6. The deleterious effect of zinc in a solution may be entirely overcome by using solutions excessively strong in free cyanide. The continued addition of the required amount of free cyanide would soon result in an excessive amount of cyanide being tied up in the mill solution. Furthermore, strong cyanide solutions consume more zinc during the precipitation of precious metals, thereby increasing zinc consumption and causing additional fouling of the solution.

It is therefore advisable when the mill solution becomes foul with zinc either to remove the zinc and regenerate the cyanide or discard the solution.

The solution of zinc probably takes place according to the following equation:

4NaCN + ZnO + H2O = Na2Zn(CN)4 + 2NaOH

According to Hamilton, if sufficient free alkali is present, the double salt is decomposed, yielding alkali cyanide and an insoluble alkaline zincate.

Na2Zn(CN)4 + 2Ca(OH)2 = 2NaCN + Ca(CN)2 + CaZnO2 + 2H2O

A second reaction, by which the double cyanide is broken up with the generation of free cyanide, is caused by soluble sulphides formed during contact of the solution with the ore:

Na2S + Na2Zn(CN)4 = ZnS + 4NaCN

These reactions and elimination of soluble zinc with mechanical losses of solution in filter cakes, etc., normally prevent zinc from building up to serious proportions in the circuit.

If, however, zinc is used to precipitate solutions high in copper (see cyanide regeneration), the accumulation of zinc becomes so great as to cause rapid fouling of solution.

How Lead Minerals Affect Gold Leaching & Recovery

Galena (PbS), Anglesite (PbSO4)³

The two lead minerals behave very similarly toward cyanide, as the reactive effect of galena is largely due to the ease with which it oxidizes to sulphate. It is important to use low concentrations of alkali or lime; otherwise excessive amounts of alkaline plumbite will be formed, which will interact with the cyanide present to form very basic insoluble lead cyanide. For example:

4NaOH + PbSO4 = Na2PbO2 + Na2SO4 + 2H2O
3Na2PbO2 + 2NaCN + 4H2O = Pb(CN)2,2PbO + 8NaOH

With low concentrations of alkaline plumbite, a less basic lead cyanide is formed. The less basic lead cyanide hydrolyzes with liberation of HCN, which reforms alkaline cyanide with the excess alkali present. Thus:

2Na2PbO2 + 2NaCN + 3H2O = Pb(CN)2, PbO + 6NaOH
Pb(CN)2PbO + 4H2O = 2PbO, 3H2O + 2HCN

It has been observed that, if free gold is roasted in the presence of sulfur and lead salts, or if pyritic gold ores containing even a small percentage of lead minerals are roasted to free the gold from the pyrite, lead compounds coat the gold particles enough to make them almost insoluble in the usual mill cyanide solution containing lime for protective alkalinity. Also, the lead compounds remaining in the calcine are slightly soluble in the mill solutions, and such dissolved lead may retard the dissolution of the gold by the removal of oxygen or prevent contact between the gold and the solution by precipitation in some form on the gold surface. Direct cyanide treatment without any protective alkalinity will dissolve this coated gold in time, but the cyanide loss in the treatment of such refractory ores may be prohibitive.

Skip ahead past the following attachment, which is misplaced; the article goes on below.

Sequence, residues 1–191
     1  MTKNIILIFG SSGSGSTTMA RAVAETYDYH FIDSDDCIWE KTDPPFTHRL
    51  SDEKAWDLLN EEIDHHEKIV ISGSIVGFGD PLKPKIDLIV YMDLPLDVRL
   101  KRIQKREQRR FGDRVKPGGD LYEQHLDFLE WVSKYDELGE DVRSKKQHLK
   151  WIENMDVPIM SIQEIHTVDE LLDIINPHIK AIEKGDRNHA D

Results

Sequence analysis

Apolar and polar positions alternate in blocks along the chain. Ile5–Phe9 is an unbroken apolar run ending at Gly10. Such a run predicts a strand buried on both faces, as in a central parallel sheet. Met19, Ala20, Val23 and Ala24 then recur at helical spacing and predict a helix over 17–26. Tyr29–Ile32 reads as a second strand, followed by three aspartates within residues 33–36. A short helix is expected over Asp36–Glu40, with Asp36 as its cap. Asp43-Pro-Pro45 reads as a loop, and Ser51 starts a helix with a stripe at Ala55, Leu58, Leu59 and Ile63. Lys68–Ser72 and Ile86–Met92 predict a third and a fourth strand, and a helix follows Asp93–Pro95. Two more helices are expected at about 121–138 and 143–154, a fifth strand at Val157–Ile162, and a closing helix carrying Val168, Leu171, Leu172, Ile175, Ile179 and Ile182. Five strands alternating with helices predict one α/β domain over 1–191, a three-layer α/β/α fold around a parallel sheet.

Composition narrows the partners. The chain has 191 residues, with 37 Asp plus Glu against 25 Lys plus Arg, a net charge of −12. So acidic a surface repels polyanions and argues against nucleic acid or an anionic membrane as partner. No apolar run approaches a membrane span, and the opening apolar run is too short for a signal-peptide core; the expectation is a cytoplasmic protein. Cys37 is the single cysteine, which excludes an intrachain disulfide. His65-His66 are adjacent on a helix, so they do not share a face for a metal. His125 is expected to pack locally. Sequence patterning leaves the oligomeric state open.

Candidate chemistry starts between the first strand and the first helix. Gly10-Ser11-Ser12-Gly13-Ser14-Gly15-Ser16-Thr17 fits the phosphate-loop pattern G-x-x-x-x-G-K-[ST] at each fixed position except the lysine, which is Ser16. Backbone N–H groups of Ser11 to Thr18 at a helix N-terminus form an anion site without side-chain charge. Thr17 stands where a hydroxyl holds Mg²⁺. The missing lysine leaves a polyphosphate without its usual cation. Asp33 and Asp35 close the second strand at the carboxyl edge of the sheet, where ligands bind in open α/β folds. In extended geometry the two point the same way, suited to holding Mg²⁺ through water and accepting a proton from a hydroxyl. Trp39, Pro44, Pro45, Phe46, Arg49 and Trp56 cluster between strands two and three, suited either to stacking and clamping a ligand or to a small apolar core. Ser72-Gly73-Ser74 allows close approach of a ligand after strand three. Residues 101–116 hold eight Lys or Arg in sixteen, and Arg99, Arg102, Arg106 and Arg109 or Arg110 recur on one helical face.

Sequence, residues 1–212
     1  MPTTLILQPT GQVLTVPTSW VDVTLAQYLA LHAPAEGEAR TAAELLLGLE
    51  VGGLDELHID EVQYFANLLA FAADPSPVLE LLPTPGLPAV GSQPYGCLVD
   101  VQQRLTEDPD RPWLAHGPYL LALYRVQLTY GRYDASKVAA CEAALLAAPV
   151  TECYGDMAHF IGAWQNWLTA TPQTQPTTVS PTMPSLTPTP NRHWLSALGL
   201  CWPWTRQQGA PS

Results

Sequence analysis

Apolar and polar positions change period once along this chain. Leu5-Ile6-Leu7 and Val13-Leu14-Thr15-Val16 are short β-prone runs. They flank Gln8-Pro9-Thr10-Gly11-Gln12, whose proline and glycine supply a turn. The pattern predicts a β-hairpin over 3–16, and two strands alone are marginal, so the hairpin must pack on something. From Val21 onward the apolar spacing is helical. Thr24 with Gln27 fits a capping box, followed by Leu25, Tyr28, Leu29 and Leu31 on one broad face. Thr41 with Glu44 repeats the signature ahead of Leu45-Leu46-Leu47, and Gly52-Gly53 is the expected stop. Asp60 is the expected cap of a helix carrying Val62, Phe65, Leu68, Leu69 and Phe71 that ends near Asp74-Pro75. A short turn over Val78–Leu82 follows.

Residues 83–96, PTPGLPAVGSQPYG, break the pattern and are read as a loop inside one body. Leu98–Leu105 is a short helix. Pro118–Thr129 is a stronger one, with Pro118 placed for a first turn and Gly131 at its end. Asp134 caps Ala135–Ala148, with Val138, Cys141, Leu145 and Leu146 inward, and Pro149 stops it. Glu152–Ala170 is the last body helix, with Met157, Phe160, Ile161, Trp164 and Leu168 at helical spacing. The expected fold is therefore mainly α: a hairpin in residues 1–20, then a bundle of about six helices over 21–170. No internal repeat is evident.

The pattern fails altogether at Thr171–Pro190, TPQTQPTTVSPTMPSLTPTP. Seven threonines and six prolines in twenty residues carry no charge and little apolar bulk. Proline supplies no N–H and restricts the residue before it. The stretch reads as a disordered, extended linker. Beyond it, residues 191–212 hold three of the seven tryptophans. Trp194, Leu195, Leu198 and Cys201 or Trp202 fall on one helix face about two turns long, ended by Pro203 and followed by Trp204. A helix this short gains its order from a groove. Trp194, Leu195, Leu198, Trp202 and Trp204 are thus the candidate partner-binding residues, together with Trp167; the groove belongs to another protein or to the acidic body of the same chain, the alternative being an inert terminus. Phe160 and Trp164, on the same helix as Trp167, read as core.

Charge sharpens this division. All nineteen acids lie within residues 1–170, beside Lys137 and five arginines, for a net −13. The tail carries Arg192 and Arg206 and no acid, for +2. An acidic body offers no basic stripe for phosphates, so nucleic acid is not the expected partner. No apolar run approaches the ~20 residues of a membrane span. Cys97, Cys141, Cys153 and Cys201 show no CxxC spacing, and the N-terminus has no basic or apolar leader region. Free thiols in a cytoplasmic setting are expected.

It is shown that high gold recovery can be obtained from such calcines by preliminary treatment with acid brine to remove a large percentage of the lead, followed by cyanidation for the recovery of the gold.

There is the possibility that by close control of caustic used for protective alkalinity in the cyanide solution, so as to keep the pH of the solution under 11, it may be practical to leach such calcine by direct cyanidation without excessive cyanide loss.

Satisfactory results have been obtained from the application of these methods on a laboratory scale to two important commercial ores that have been refractory to all other known leaching methods.

Optimize Gold Leaching & Recovery with Chromium Minerals

Lead Chromite (PbCrO4)5

The lead chromate mineral crocoisite is destructive to cyanide in the presence of high concentrations of caustic alkalis such as lime, by reason of the highly oxidizing salts formed, leading to the production of cyanates, formates, etc., the reaction proceeding thus:

2PbCrO4 + Ca(OH)2 = PbCrO4, PbO + CaCrO4 + H2O
Further reaction may be partially expressed thus,
CaCrO4 + NaCN + 2H2O = NaCNO + Ca(OH)2 + Cr(OH)2

It is therefore indicated that free alkalinity in the cyanide solution should be at a minimum.

In a paper “Chromium in Cyanide Solutions,” it is described that an investigation into the cause of serious precipitation trouble encountered on one of the Transvaal gold-mining properties. The results of this work were summarized as follows:

  1. The metallurgical difficulties experienced were due to the presence of chromium in the cyanide solutions in the form of chromate.
  2. The yellow precipitate (which was obtained by the addition of lead nitrate to the plant solutions) was lead chromate, carbonate, and hydrate. It did not contain gold, but its presence in the solutions prevented zinc-dust precipitation of gold from solution.
  3. The source of the chromium was the particular feldspathic and pyroxine ore.
  4. All of the chromium must be precipitated by the addition of a solution of a lead salt and the resulting precipitate removed prior to de-aeration when effective precipitation with zinc is obtainable.
  5. Addition of a soluble lead salt to the cyanide solution gives rise to the formation of hydrocyanic acid, which is readily “fixed” on contact with free alkali.

Cyanidation and concentration of gold and silver ores